Süster Strubelt and Uwe Maas

Süster Strubelt and Uwe Maas

Süster Strubelt and Uwe Maas

Süster Strubelt wrote her MA thesis on Iboga healing ceremonies in Gabon, and was initiated into the Mabandji women’s cult in 2003. After completing her initial studies in psychology and sociology, she worked as a journalist in Central America. As a clinical psychologist she worked in different pediatric hospitals in Germany and in the development aid in Zimbabwe, Mozambique and Rwanda. She is trained in systemic family therapy and hypnotherapy. Her main scientific interest is the psychological impact of possession trance in healing cults in Latin-America and Africa.

Uwe Maas has worked as a clinical pediatrician in different hospitals in Germany, Zimbabwe, Mozambique and Rwanda. During a working visit at the Albert Schweitzer Hospital in Gabon (1999), he developed friendship with traditional Mitsogho healers, and his interest in their practices led him to be initiated into the Missoko men’s cult in 2001. Uwe is a classical and folk violinist. One of his main interests are possible spiritual messages in prehistoric rock paintings.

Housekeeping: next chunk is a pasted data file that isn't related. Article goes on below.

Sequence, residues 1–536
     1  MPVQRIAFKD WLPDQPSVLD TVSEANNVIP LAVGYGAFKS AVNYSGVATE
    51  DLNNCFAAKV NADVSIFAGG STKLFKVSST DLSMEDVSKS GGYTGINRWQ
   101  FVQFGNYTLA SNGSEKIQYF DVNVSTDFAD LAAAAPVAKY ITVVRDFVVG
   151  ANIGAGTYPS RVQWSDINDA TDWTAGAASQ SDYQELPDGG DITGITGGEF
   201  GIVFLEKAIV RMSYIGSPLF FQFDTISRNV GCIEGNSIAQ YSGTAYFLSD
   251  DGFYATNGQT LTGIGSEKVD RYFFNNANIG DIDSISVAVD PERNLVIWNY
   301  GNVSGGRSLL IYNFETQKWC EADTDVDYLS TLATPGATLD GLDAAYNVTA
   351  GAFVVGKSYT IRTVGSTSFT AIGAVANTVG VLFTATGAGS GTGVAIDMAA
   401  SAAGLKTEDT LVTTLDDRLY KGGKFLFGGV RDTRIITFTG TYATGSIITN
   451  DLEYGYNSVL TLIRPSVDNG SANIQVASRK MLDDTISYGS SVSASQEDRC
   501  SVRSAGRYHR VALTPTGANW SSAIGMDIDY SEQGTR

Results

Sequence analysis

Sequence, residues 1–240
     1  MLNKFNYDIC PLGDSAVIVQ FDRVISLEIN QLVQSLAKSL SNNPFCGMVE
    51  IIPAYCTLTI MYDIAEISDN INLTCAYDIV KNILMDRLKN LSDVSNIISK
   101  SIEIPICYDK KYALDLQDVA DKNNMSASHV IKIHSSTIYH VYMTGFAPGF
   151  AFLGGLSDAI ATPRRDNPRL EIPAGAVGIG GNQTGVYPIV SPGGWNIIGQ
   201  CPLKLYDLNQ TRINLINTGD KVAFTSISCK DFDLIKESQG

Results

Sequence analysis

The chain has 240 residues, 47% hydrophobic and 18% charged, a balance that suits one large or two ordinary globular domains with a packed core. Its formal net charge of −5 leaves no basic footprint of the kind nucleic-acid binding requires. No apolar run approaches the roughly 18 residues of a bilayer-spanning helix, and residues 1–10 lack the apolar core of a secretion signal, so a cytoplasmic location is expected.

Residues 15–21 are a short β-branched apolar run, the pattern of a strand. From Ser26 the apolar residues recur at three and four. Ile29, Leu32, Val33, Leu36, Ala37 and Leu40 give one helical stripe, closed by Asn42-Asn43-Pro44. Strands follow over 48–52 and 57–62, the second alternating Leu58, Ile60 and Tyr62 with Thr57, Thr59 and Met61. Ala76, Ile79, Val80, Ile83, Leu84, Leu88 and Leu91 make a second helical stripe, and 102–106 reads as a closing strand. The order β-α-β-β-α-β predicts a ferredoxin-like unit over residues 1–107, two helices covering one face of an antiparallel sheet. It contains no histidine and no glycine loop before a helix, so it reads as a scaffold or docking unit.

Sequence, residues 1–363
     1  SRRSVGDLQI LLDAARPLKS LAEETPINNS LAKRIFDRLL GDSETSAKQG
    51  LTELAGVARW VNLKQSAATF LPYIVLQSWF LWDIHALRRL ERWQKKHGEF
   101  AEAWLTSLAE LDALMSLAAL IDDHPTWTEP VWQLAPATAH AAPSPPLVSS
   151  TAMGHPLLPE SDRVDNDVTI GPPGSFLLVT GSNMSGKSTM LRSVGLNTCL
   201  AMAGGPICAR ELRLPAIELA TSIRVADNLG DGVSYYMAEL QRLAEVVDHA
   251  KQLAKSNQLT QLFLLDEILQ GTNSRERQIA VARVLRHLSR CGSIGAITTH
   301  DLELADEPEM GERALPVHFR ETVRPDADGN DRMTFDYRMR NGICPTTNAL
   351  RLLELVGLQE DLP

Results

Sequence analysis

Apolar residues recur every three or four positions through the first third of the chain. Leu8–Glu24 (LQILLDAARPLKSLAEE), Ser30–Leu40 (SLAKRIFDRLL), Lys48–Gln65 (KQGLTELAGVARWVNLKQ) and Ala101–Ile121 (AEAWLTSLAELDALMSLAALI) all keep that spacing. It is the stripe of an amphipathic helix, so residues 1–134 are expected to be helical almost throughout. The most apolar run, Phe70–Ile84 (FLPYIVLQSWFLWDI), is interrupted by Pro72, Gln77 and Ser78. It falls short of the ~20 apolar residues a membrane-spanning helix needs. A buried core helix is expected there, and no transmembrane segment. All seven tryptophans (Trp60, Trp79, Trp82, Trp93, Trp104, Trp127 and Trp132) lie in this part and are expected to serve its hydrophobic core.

TITLE: Do worldwide iconographic parallels in prehistoric rock art reflect common psychedelic experiences?
According to a theory of the South African archeologist David Lewis-Williams, prehistoric rock art, dating back up to 40.000 years ago, depicts experiences of shamans under the influence of psychedelic substances. This theory has polarized the discussion about the meaning of these earliest expressions of human art. Lewis-Williams’ opponents interprete the art as representations in the context of early totemism or even just as scenes of everyday life in a hunter-gatherer society. To present, there is no archeologic proof for the use of psychedelics in these early societies. During 15 years after their iboga initiation in Gabon, the authors visited about 1000 rock painting sites in Southern and Central Africa, Northern and Latin America and Europe, trying to understand their spiritual message. Do the striking iconographic parallels reflect common experiences of altered states of conscience? The authors want to share a glimpse of the beauty of this art and open a discussion about it‘s spritual background to an experienced public.